George County Middle School Directs NASA Satellite

Students at George County Middle school are taking advantage of crisp, clear nights for a little extra education... with some star gazing. The students are watching and listening to the stars with a 16 million dollar radio telescope from NASA.

The school is one of just 50 around the nation taking part in a study of Jupiter and the Cassini space probe. On tonight's assignment education report... Ken Flanagan showed us how the Internet is connecting these students with one of NASA's biggest telescopes. Students race to write down all the raw data coming in from a huge radio telescope located in California's Mojave desert. Although these students are more than two thousand miles away they are controlling and watching the telescope through the Internet. "They actually really get to do something. They take a mouse and control a 850 thousand pound elephant. So they actually get to do real science," Jay at student at George County Middle School said. "I think that's scary. People get on the computer and move something worth 16 million dollars," said Brock, another student.

With a little help from researchers in California, these 7th and 8th graders are learning how to move the radio telescope and how to measure the temperature of Jupiter. The temperatures these students take, will be compared to the temperatures taken by the "Cassini" space probe as it passes by Jupiter. NASA will then take the two sets of information and more finely tune the probe's instruments. The school has about twelve more hours of telescope time left. That's just enough time for every students at the school to get a turn at seeing our giant cosmic neighbor.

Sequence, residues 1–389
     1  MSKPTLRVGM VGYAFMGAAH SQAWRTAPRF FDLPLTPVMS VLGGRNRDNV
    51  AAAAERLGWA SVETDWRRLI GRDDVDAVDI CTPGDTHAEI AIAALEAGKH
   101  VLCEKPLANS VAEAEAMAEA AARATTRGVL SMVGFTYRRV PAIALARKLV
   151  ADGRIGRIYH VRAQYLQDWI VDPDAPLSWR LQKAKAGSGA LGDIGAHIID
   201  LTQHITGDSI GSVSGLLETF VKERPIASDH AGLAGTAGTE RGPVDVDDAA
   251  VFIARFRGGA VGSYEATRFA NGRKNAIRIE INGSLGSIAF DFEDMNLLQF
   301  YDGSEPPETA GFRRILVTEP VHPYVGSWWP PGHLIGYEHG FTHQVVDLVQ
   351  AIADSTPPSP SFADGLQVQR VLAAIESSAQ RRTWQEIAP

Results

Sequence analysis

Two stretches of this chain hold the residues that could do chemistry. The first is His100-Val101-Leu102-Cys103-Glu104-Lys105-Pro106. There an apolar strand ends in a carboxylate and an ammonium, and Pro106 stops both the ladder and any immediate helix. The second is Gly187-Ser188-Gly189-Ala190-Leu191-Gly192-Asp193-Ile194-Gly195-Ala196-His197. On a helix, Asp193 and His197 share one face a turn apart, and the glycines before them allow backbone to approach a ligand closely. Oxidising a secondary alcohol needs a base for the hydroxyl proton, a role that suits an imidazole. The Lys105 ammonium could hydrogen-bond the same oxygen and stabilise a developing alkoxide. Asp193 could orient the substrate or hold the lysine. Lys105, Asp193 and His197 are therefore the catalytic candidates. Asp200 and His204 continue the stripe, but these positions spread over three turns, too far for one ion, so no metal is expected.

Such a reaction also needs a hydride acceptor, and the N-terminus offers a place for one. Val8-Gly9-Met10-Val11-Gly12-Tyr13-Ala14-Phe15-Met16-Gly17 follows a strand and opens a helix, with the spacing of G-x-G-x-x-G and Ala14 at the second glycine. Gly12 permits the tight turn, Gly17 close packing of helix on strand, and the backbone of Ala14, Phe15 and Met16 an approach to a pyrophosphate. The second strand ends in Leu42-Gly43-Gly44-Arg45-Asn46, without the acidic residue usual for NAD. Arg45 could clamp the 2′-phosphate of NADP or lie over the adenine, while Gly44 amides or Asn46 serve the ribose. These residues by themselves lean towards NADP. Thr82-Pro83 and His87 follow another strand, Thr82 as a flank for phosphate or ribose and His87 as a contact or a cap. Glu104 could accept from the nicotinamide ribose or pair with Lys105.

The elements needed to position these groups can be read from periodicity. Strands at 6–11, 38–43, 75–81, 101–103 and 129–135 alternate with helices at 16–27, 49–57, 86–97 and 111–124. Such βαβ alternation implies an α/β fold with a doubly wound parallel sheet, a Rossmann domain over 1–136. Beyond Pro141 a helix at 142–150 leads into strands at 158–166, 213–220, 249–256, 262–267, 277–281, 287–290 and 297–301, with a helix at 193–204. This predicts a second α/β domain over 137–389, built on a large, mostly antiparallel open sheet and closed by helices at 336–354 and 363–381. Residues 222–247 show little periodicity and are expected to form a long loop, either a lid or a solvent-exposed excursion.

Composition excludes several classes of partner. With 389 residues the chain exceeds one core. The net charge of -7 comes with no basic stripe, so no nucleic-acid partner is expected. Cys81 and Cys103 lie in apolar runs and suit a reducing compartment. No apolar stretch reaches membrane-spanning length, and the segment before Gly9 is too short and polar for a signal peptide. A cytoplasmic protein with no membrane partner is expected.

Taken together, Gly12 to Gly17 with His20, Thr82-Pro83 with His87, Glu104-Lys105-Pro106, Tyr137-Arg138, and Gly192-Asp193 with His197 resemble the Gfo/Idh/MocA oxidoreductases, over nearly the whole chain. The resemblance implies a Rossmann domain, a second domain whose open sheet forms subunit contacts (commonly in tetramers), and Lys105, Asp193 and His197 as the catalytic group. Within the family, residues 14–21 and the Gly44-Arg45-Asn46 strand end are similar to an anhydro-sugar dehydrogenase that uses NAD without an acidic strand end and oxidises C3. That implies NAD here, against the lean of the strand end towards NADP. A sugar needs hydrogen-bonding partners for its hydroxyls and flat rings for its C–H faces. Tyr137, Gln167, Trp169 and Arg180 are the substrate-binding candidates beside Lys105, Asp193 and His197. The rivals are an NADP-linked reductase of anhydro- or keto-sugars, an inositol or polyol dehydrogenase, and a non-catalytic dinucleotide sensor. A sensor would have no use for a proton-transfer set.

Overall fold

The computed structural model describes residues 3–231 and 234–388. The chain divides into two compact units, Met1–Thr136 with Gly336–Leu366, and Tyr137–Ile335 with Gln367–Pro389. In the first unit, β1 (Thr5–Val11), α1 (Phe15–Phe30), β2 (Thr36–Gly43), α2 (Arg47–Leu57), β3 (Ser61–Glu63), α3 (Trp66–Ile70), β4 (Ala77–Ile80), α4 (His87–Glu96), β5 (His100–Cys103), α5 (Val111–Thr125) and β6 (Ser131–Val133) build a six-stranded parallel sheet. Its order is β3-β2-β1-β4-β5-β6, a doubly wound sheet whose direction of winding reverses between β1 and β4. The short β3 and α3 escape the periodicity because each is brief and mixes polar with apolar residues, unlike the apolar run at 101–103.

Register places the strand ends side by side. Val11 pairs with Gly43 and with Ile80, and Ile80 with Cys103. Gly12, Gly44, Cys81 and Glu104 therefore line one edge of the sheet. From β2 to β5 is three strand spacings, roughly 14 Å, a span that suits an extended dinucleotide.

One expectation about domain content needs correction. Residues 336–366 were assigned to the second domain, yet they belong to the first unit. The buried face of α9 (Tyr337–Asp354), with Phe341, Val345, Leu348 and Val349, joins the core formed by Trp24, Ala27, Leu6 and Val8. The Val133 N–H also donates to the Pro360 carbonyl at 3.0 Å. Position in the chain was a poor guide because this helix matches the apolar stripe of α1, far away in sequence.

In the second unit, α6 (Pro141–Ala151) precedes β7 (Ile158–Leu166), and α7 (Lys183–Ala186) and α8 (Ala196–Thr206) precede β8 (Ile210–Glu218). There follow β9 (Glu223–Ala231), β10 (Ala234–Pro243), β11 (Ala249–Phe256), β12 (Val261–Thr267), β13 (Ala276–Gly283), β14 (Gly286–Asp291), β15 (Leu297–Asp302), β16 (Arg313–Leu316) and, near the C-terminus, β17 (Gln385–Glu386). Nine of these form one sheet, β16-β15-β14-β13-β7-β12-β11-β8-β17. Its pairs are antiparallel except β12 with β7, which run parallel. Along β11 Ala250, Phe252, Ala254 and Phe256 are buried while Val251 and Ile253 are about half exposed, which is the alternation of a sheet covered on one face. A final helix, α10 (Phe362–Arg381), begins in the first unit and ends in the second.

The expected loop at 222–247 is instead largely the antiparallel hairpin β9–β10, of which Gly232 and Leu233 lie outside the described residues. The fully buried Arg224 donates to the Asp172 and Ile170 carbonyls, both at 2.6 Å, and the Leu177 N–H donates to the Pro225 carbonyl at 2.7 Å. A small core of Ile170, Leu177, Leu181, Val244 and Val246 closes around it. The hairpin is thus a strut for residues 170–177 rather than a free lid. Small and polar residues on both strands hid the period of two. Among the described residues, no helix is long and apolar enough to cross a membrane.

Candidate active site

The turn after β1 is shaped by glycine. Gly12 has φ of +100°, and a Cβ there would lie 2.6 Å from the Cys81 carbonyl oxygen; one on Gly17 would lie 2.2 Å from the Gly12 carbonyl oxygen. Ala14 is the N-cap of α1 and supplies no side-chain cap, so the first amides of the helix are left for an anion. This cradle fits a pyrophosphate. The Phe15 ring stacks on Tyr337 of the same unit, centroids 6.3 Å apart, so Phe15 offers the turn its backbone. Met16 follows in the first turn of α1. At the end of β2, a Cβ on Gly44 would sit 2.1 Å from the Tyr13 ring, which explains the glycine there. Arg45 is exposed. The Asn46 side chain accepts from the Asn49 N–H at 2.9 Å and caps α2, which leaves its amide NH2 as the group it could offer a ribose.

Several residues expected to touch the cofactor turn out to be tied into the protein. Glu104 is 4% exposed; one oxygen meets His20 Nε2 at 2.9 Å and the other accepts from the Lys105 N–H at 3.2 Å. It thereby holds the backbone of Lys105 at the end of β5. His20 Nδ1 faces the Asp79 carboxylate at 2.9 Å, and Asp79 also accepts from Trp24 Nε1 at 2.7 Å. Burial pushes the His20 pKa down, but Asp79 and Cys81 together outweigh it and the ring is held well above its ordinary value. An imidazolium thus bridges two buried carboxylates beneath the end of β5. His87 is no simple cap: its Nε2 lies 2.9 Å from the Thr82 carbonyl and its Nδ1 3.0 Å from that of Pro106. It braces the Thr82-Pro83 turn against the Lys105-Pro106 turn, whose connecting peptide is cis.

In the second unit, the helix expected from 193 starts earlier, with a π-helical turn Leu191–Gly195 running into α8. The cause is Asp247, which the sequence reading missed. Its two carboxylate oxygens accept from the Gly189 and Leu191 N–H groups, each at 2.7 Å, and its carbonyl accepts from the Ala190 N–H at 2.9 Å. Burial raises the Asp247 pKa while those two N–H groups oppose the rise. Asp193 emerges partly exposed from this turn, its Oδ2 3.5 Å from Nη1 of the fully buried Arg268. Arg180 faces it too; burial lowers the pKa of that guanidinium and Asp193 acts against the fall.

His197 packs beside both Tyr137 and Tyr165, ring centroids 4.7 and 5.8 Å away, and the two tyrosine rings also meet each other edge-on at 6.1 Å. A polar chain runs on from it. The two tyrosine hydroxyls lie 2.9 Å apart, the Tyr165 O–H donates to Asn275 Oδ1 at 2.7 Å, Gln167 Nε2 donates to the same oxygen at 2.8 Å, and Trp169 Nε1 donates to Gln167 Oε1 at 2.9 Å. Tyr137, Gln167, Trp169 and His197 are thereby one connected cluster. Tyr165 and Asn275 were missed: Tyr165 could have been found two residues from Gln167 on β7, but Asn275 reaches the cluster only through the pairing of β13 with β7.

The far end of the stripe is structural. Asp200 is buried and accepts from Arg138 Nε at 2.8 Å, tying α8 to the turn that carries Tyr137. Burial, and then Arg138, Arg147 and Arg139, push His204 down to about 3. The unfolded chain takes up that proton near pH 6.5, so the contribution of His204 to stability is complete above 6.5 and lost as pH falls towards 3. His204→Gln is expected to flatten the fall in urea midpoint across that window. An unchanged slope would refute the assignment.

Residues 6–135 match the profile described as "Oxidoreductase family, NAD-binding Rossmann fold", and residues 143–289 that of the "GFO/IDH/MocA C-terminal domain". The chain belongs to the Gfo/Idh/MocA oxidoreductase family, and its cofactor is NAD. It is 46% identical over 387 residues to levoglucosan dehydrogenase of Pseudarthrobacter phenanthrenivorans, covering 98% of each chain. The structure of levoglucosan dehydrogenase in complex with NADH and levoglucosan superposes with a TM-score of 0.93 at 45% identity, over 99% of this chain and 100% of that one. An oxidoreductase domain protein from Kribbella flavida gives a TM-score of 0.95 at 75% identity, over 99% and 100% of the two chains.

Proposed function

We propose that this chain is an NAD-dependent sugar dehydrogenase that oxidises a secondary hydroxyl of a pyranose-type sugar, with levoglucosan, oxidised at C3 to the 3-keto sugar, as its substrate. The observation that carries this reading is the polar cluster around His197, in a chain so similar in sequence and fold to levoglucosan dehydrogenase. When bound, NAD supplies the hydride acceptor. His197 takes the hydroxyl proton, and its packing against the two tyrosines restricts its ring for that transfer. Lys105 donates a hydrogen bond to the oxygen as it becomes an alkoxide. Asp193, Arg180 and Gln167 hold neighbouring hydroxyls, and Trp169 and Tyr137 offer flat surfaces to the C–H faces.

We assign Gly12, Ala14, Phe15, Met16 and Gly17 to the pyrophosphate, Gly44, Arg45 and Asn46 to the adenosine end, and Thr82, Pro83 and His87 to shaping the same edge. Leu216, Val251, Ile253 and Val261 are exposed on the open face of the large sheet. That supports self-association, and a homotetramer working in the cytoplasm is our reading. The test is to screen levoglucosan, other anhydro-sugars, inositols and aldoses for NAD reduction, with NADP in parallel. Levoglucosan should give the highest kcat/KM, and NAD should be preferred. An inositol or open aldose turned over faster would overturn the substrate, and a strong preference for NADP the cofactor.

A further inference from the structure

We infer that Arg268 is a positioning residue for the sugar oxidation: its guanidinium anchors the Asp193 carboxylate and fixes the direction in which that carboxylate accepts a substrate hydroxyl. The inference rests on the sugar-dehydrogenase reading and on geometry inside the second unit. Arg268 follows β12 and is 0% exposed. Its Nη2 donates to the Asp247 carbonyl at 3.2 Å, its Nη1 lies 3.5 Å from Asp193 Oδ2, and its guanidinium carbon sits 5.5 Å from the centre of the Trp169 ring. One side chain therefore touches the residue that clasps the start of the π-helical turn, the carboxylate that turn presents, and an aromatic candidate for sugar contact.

Two grants made it possible for George County Middle school to bring this program to the students. If you would like to learn more about the program or the Cassini space probe and its trip to Saturn log on to the Lewis Center For Educational Research.